All of the ladies on the plantation, even the white ones, had eyes for Papa when he wasn’t “checked out”, but he only had eyes for Mama.  Miss Cynthia was the worst one. I heard her talking about Papa one day with her friend Miss Jenny, “He’s just so muscular and tall. I wonder how it would feel to be held in those big ole black arms of his.” Miss Jenny almost fainted, “Cynthia I can’t believe you would say such a thing. Why he’s nothing but a beast. He’s dark as midnight and those big hands would crush you to death. You better hope your brother don’t hear tell of you liking him.” “And how, pray tell, will he find out; unless you plan on divulgating my private secrets. If I had a friend to do that it would be just shameful. I might have to tell all of her ungodly secrets to anyone who would listen.” Miss Cynthia threatened. “Besides,” she continued, “he is just about the best looking Negro man I have ever seen. Just look at that wavy hair and that broad chest.”

Just then Miss Cynthia spotted me spying on them and snatched me up. She threatened to whip me until I bled if I told anyone. I acted dumb, as usual. It was my way of not having to do what the white folks wanted me to. I would pretend not to understand what they wanted until they would give in and leave me be. “Now get out of here. Your services will no longer be required in the house. Since you want to act like one of them, you can just pick cotton like the rest of your people.” Just like that I was removed from being a house servant, and sent to the fields to toil and sweat in the sun. I did not mind because I could finally be with my parents all day. I no longer had to put up with the beatings from Miss Cynthia just because the wind blew or the strange looks from Master Jones. For some reason he had taken a liking to me, and was always trying to get me alone. Miss Cynthia had noticed, and has hated me every since. She had been waiting for any excuse to remove me from the house and now she had one.

“Why did she put you out of the house, Hope?” mama asked. “Mama I don’t know,” I lied. “Well she had to have a reason, and you’d better tell me right now!” Mama had a certain way of talking that meant business. If I did tell her she might get mad and fight Miss Cynthia, but if I didn’t tell her I would get the switch. Just thinking about that switch made the flood gates open. “She was lusting after Papa and I heard her. When she caught me spying she got mad, and made me leave the house for good.”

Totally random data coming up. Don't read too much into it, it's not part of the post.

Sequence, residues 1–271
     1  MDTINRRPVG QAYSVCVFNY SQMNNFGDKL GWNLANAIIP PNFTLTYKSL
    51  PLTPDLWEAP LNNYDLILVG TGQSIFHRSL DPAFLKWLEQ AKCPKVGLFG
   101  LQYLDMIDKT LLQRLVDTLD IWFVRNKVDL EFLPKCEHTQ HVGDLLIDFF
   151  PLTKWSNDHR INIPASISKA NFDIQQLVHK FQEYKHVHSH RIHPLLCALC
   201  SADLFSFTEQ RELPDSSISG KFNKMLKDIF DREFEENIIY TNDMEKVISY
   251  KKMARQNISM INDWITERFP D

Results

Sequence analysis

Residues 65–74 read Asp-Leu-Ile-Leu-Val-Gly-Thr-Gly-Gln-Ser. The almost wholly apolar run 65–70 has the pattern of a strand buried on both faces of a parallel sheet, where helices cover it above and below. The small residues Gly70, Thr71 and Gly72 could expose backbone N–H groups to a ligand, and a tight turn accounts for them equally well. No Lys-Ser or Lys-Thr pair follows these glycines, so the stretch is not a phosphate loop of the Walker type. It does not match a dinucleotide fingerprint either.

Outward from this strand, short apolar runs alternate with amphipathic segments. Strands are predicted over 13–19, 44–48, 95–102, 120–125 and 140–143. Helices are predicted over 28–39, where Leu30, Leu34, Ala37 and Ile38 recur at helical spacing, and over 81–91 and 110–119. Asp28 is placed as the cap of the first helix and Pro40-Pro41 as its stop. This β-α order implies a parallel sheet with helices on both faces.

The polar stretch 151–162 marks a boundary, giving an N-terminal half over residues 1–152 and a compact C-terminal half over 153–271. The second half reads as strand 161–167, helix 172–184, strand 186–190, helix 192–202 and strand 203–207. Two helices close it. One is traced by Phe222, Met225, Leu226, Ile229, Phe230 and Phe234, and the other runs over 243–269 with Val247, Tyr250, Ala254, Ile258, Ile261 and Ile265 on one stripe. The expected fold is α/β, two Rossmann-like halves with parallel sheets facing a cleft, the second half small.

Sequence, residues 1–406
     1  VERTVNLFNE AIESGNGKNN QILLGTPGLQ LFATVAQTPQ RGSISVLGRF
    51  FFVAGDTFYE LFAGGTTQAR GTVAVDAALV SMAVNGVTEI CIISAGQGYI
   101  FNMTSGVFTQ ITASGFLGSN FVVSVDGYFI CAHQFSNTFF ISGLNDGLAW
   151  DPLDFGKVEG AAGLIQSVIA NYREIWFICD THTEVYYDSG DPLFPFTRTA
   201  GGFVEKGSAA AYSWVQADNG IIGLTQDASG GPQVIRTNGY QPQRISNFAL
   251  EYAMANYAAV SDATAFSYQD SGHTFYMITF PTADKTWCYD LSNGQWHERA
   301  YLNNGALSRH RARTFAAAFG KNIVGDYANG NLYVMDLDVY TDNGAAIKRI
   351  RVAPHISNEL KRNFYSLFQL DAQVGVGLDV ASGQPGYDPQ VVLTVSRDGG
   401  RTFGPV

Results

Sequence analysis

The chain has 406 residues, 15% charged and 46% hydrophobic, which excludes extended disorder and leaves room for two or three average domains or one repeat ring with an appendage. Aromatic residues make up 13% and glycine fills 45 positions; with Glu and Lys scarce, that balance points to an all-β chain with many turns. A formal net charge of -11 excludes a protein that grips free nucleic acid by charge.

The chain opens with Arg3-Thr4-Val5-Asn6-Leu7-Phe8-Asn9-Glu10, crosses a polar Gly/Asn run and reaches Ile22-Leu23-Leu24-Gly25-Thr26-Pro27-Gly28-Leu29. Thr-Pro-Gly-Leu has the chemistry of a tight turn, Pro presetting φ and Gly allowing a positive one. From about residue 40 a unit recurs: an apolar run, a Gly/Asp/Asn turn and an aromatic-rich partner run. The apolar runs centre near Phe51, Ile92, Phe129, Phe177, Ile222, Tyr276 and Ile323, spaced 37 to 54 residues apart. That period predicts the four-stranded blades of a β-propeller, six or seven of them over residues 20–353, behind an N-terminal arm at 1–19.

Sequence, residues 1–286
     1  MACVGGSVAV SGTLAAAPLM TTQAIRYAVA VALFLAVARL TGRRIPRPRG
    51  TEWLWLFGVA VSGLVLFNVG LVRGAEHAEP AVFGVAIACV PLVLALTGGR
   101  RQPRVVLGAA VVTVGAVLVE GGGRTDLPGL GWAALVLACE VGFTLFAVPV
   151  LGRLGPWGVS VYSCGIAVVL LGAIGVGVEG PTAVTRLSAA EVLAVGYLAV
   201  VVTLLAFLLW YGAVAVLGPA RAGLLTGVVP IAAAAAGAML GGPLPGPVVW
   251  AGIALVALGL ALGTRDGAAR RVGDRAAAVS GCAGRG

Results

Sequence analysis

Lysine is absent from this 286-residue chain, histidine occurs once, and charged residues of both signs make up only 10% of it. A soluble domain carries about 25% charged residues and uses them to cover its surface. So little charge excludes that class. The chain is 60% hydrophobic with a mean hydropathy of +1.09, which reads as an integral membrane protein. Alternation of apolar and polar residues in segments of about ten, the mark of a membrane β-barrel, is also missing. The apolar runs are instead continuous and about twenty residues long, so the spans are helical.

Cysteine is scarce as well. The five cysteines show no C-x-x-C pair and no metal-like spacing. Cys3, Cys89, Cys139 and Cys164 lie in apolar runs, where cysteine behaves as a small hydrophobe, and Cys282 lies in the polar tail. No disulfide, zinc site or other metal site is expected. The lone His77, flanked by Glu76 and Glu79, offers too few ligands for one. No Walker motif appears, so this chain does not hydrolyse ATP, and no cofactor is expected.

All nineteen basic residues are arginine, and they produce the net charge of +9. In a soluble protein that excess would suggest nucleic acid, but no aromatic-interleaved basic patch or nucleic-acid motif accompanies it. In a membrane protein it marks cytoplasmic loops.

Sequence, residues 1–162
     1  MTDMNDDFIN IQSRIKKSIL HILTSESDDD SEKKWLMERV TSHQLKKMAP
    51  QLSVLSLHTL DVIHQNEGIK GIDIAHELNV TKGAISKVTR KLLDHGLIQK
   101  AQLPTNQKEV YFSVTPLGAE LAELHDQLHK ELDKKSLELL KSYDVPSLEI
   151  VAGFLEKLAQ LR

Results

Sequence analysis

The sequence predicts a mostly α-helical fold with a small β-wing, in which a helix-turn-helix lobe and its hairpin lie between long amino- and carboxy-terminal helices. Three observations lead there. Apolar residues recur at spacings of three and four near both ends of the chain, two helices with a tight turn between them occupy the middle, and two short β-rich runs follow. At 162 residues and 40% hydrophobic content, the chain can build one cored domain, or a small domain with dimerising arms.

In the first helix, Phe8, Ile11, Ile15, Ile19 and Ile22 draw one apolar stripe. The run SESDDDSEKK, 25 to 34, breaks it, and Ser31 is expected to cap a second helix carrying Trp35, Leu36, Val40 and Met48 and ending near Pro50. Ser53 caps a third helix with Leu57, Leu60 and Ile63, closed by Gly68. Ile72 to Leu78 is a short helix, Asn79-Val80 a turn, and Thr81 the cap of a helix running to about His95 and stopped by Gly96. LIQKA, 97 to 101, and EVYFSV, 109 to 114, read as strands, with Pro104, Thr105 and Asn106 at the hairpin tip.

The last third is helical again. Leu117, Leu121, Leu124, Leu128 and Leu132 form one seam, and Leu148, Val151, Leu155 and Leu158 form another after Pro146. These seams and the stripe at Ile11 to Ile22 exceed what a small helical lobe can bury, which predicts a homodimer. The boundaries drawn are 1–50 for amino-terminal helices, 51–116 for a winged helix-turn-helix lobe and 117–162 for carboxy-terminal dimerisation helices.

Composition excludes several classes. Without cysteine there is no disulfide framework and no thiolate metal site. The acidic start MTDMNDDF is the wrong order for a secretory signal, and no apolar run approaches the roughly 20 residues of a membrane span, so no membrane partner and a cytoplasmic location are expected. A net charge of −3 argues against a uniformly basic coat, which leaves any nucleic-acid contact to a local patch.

“What you say child? She got eyes for my man? Well I’m gonna show that heffa who she’s messing with. She’s not getting my man lynched because she wants to know him.” Mama went on and on about Miss Cynthia liking Papa, and then my life changed forever in less than five minutes. Mama marched right up to Miss Cynthia on the grand front porch; the very one all field slaves were forbidden to approach. Before she had time to react, Mama spit dead in Miss Cynthia’s face and said, “You best stay away from my man, white woman.”  “Helen you must be out of your mind to approach a fine white lady with some nonsense about her liking some big, black buck.” She was guilty and would have let Mama off with a warning, but Mama would not drop it. “Hear me good woman; nobody slides up to Henry Jones, but me! Try me if you got the notion.”  Miss Cynthia face looked like it was melting off under the sweltering Carolina sun. Her hands started shaking, and she did not know what to do. Nobody dared to talk to the owner of a plantation like that, especially not a southern belle like Miss Cynthia. Miss Jenny was so mad there was smoke coming from her ears, Cynthia are you just going to sit there and let that slave girl talk to you like that on your own porch. I wouldn’t stand for that kind of sass from any of my slaves. They would get the whip for sure.”

Just then Old Massa Jones came outside to see what the ruckus was. “Helen what is going on round here? I can hear Miss Jenny screechin’ all the way in my office.” Mama looked him dead in the eyes and told him “Keep your sister away from my husband! My child heard her talking lustful about him, and I don’t want my man lynched. You better keep her in her place or I’ll do it for you.” I always knew Mama didn’t play when it came to Papa. She had beat Julie so bad she couldn’t walk, for rubbing up on Papa one day. Even so, I never thought she would talk to white folks like that. She must have lost her mind and Massa Jones was going to help her get it back. “What you say to me Helen? You forget I am the massa ‘round here and you the slave. Can’t stand for no back talk from no slave, even if it is you Helen.”  Mama did not back down. “Do what you got to go, but keep that woman away from my man!”